Did you know that the government holds unclaimed assets until the rightful owners or beneficiaries request them? Finding unclaimed money can be as easy as filling out some forms – digital or paper, depending on your state – from the comfort of your home. You can do a free unclaimed funds search through your state website or other government resources.
Unclaimed funds can include cash from old accounts, property, lost paychecks, and more. You may not realize you are missing any money until you complete a search. A free unclaimed money search could mean a couple of bucks or even thousands back in your pocket.
How You Can Have Unclaimed Money Without Knowing It
You may think it is not worth checking for unclaimed money if you are on top of your finances or have few assets to keep track of. But you might be surprised what an unclaimed assets search can turn up, such as overpaid balances or unknown inheritance. Some people even have unclaimed money from deceased relatives without knowing it.
Assets become “unclaimed” when the agency cannot find the owner. For example, checking and savings bank accounts become dormant – or inactive – after a period without transactions, like deposits and withdrawals. After a year or two of no activity, the bank can close the account and turn funds over to the government.
Likewise, you can conduct an unclaimed property search for unpaid wages, retirement accounts, and pensions from former employers. Former employers might transfer your 401(k) to the state if you fail to transfer the money when you switch jobs.
The most common types of unclaimed assets include the following:
- Credit balances and overpayments
- Dormant bank accounts
- Stocks, dividends, and annuities
- Trust distributions
- Uncashed checks
- Unclaimed insurance payments
Millions in IRS unclaimed money sits with the agency if it cannot deliver federal tax refunds or if taxpayers do not claim their funds. For instance, the IRS may send your refund to the wrong address if you fail to tell them you moved.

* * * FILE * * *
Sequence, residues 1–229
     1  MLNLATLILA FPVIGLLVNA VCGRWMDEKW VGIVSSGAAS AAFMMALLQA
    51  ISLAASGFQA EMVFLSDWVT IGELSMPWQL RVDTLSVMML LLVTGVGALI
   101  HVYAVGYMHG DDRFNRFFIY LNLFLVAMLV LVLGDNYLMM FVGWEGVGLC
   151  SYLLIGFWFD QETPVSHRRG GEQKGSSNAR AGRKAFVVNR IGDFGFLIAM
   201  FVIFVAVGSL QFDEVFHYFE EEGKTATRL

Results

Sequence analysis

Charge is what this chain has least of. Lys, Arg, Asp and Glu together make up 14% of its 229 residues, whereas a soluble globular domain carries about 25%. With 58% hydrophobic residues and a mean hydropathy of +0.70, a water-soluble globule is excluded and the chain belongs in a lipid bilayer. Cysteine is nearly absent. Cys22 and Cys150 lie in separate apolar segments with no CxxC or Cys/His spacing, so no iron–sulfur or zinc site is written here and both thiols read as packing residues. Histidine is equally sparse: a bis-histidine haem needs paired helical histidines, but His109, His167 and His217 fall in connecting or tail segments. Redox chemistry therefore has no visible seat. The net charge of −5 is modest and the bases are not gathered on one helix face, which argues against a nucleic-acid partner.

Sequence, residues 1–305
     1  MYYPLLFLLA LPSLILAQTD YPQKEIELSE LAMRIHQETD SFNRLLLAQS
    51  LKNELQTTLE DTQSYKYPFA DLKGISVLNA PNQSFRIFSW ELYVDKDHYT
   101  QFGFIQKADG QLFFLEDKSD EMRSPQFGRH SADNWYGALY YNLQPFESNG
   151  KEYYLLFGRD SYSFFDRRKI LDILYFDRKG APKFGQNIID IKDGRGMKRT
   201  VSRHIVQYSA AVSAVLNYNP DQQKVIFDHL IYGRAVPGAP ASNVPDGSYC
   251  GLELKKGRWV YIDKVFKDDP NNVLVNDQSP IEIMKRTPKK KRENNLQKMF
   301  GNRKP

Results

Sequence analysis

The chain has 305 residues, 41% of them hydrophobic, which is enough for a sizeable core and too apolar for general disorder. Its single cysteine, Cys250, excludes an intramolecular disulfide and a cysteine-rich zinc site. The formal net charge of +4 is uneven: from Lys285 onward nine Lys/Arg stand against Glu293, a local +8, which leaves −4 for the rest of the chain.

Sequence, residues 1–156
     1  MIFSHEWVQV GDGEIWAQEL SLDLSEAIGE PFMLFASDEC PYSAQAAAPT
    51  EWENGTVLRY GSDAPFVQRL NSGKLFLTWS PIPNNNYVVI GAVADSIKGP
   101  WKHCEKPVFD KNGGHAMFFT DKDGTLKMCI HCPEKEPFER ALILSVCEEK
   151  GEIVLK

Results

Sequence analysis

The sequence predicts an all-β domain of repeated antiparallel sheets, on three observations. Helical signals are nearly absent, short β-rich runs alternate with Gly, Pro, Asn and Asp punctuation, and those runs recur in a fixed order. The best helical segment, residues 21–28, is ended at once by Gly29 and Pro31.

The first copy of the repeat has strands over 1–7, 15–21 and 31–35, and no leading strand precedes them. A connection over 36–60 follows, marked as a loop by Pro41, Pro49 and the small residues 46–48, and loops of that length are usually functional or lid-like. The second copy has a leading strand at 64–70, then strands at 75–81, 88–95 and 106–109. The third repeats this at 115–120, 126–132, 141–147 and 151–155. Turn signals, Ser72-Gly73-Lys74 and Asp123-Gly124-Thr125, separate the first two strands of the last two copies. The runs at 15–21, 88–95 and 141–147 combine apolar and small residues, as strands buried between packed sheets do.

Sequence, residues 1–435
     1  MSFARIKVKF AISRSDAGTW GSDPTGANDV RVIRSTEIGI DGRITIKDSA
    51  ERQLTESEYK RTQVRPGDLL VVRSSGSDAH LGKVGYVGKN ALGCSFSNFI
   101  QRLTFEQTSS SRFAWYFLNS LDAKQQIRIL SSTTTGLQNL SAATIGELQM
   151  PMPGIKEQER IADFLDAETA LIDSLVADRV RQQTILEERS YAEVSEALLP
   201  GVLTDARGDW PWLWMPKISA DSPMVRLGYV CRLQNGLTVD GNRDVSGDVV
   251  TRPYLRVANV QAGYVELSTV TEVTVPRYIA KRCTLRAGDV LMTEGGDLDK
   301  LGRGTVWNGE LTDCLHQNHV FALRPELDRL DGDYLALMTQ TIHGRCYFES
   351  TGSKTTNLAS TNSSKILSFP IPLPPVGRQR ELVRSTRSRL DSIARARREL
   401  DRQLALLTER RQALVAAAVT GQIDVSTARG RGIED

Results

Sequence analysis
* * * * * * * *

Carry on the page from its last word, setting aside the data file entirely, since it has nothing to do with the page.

You can lose, forget, or otherwise overlook money. System glitches can erase contact information, organizations can close, and checks go to the wrong address. Whatever the reason, you can search for your missing money in just minutes.
Where to Search for Unclaimed Property
Each state has a government list of unclaimed assets, usually on the treasurer’s website. You may need to do an unclaimed assets search on several websites if you have lived in multiple states. Likewise, some databases are for particular asset types.
Whatever the reason, you can search for missing money on your state’s website. You may be able to use a multi-state database for some states, but not all states have this option. Each state sets its rules on how to claim assets.
For instance, some have a free unclaimed money search by Social Security number, while others only require your name. Almost all government sites allow you to search free of charge.
Some other government agencies that have unclaimed asset databases include:
- The Department of Labor for money from employers
- The Federal Deposit Insurance Corporation for funds from failed banks
- The National Credit Union Administration for unclaimed deposits
- The Pension Benefit Guaranty Corporation for retirement benefits